After a career spanning 50 years, 40 books and about a million parties, Anthony Holden has written a memoir. Based on a True Story is bookended by touching accounts of his childhood and old age. Born in 1947, Holden grew up in Southport. His adored grandfather, Ivan Sharpe, played football for England, winning gold at the 1912 Olympics. In later life he was a sports writer, and would take the young Holden to the press box at Liverpool or Everton, tasking him with noting down the game’s statistics. Holden dates his journalistic ambitions to the early thrill of ‘seeing my numbers in print in the very next day’s edition of the Sunday Times’.
In 2017, Holden suffered a stroke that left him wheelchair-bound. His warmly good-humoured account of the tedious road to partial recovery gives a sense of a man much loved by his friends and his three sons (by his first wife, the translator and librettist Amanda Holden, who died in September). Though the book concludes with ‘the journalist’s perennially optimistic sign-off… more follows later’, the closing pages are elegiac, as Holden contemplates, from his retirement home, the recent deaths of many of his contemporaries.
He has more contemporaries than most to lose. Between childhood and old age, Holden goes everywhere and meets everyone who is anyone. His memoir is long, but there is still barely room for the breathless list of jobs and books and schemes. The personal is peripheral: his two marriages take place strictly in the margins of this glorified ego-file.
Holden casts himself as a chimeric cat with many lives, lapping up literary lunches and always landing on his feet. His translation of Aeschylus’s Agamemnon was published before he left university. As editor of Oxford’s Isis — owned at the time by Robert Maxwell, who once locked Holden in his sauna for a joke — he was the first person to publish Christopher Hitchens. He then completed a journalism traineeship, spending two years on the Evening Echo in Hemel Hempstead. The trial of the murderer Graham Young provided material for a book, The St Albans Poisoner — the first of many biographies, including three of Prince Charles.
His next beat was the Sunday Times, chasing stories all over the world during journalism’s good old bad old days of expense accounts, first-class travel and endless freebies. (‘You could take your wife out to dinner and put her down as a government minister’). As custodian of ‘Atticus’, the paper’s diary page, Holden interviewed Henry Moore and Rudolf Nureyev among many others. In 1978, he became the Washington correspondent of the Observer, covering the 1980 election and the assassination attempt on Ronald Reagan. Then it was back to the Times — now in Murdoch’s hands — as assistant editor during Harold Evans’s short-lived reign.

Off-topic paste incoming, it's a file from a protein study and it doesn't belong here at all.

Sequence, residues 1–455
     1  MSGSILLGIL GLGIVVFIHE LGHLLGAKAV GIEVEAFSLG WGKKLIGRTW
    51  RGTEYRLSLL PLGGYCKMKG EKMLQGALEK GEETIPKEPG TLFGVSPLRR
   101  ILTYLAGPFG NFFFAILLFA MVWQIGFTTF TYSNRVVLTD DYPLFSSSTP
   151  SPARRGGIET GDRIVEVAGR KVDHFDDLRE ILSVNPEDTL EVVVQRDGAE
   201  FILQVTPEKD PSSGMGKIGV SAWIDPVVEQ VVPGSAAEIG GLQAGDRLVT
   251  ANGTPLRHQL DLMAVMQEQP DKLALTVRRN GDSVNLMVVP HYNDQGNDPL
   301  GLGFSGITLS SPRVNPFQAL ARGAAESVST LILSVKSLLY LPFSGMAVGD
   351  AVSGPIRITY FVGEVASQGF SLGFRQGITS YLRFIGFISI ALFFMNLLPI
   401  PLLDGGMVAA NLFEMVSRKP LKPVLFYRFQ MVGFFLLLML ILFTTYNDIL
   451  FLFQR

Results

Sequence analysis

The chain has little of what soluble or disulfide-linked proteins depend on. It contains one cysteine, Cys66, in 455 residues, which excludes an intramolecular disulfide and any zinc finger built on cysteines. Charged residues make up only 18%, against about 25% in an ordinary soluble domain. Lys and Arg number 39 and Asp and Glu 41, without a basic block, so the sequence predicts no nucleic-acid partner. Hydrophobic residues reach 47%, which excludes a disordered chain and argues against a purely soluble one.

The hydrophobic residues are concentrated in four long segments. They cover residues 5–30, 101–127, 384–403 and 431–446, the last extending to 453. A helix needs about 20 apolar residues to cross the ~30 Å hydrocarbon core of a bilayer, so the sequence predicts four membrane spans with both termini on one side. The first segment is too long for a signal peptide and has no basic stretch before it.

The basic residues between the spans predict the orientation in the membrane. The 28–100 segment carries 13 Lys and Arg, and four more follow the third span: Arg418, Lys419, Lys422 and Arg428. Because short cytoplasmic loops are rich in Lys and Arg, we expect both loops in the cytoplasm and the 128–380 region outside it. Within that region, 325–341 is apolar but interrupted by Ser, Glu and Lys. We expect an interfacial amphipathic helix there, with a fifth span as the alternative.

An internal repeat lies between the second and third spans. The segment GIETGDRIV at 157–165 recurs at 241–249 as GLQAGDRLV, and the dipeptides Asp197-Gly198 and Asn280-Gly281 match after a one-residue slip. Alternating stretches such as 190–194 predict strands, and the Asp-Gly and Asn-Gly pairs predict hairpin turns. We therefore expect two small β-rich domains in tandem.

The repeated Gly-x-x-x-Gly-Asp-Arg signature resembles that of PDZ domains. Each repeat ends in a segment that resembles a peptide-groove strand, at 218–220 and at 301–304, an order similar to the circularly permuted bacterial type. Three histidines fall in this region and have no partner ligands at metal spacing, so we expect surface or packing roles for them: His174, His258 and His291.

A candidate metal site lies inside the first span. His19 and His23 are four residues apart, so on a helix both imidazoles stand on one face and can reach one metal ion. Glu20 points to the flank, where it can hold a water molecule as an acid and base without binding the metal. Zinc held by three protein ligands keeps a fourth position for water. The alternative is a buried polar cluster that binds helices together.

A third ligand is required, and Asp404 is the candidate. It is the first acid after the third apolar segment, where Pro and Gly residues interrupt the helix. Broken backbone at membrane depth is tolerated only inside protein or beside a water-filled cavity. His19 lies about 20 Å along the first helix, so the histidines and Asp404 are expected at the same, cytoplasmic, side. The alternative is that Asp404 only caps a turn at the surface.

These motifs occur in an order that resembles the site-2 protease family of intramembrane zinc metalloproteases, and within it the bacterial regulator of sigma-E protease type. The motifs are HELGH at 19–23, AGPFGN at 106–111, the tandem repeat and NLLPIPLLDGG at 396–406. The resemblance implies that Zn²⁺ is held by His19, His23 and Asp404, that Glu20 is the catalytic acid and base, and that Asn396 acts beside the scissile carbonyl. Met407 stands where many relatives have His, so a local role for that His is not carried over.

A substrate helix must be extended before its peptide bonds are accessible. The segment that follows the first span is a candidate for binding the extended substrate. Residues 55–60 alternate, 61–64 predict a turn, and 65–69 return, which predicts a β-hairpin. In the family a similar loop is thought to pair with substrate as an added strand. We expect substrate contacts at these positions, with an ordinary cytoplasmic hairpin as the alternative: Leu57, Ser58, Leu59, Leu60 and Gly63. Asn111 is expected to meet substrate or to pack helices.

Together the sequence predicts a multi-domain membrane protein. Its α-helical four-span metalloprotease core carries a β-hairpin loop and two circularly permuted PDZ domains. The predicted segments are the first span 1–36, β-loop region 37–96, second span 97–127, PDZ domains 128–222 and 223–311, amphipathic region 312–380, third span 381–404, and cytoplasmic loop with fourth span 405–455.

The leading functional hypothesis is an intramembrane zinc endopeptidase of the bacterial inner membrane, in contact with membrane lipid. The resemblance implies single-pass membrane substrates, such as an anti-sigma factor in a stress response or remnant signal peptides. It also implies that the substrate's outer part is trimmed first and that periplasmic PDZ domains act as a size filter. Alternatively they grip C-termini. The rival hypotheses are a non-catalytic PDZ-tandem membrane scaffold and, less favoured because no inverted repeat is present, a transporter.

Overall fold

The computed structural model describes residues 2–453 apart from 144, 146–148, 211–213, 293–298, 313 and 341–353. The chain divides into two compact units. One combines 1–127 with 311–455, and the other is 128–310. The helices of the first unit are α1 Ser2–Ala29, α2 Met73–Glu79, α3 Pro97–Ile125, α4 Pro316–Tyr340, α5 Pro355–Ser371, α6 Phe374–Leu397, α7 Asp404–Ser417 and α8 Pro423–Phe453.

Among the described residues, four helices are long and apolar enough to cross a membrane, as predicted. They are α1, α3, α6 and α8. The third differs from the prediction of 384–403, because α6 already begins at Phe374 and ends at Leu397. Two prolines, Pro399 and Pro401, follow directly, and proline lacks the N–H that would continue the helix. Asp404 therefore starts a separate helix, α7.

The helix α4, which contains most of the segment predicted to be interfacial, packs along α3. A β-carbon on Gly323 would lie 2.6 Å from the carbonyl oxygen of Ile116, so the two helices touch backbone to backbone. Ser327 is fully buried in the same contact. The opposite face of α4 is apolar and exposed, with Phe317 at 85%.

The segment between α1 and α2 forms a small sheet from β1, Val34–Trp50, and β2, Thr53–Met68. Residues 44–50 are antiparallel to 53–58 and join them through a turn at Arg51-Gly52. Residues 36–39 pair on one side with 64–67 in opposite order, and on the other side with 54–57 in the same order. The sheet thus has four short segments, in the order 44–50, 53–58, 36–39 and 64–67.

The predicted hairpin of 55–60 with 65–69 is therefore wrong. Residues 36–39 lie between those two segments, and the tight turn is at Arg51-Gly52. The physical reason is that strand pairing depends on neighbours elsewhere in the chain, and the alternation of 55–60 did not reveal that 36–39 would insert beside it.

When Evans resigned amid much controversy in 1982, Holden loyally quit in protest and found himself in ‘journalistic purdah’, writing for the Sunday Express.But with so many pals eager to lend a helping hand, the next tropical holiday was never far away. As the theatre critic for Tina Brown’s Tatler, he was permitted to ‘go to all openings, but write only positive reviews about shows or performances I admired’. He spent a year playing poker and wrote his bestselling book, Big Deal, about the experience. More royal commentary followed; a sycophantic acquaintance with Princess Diana; biographies of Tchaikovsky and Shakespeare; a stint in New York, full of ‘galactical’ parties; several years as classical music critic of the Observer (even though he didn’t read music), and a side hustle as president of the International Federation of Poker.
Holden repeatedly insists on his great good fortune: he is ‘delighted’ and ‘thrilled’ on approximately one page in five. Squint between the gush, however, and a more irritable narrative emerges in which he was robbed of the Timeseditorship, promised to him by Evans (‘Think of it, lad — editor of the Times at 40! I’ll groom you’), and reduced to writing those biographies of a man he hated — Prince Charles — because his hand was forced by the colossal sums of money on offer.
Based on a True Story is interesting as an account of a time not so very long ago that already feels like another era. And the second-rate prose is a period piece too, full of ‘whences’, ‘whithers’ and ‘luminous’ women. There is more than a touch of Jane Austen’s Mr Collins, who amuses himself with ‘suggesting and arranging such little elegant compliments as may be adapted to ordinary occasions’. Holden reproduces compliments to himself, and quotes good reviews of his own books. Many anecdotes end with some joke that he told decades ago. The chapter titled ‘A-changing’, for example, features the immortal moment in 1981 when he explained to an old-fashioned colleague at the Times that they were going to do things differently now: ‘The Times, it is a-changing.’
Sometimes I feel sorry to have missed the golden age of literary parties and five-figure freelance contracts. This book made me feel glad that the times they have a-changed.
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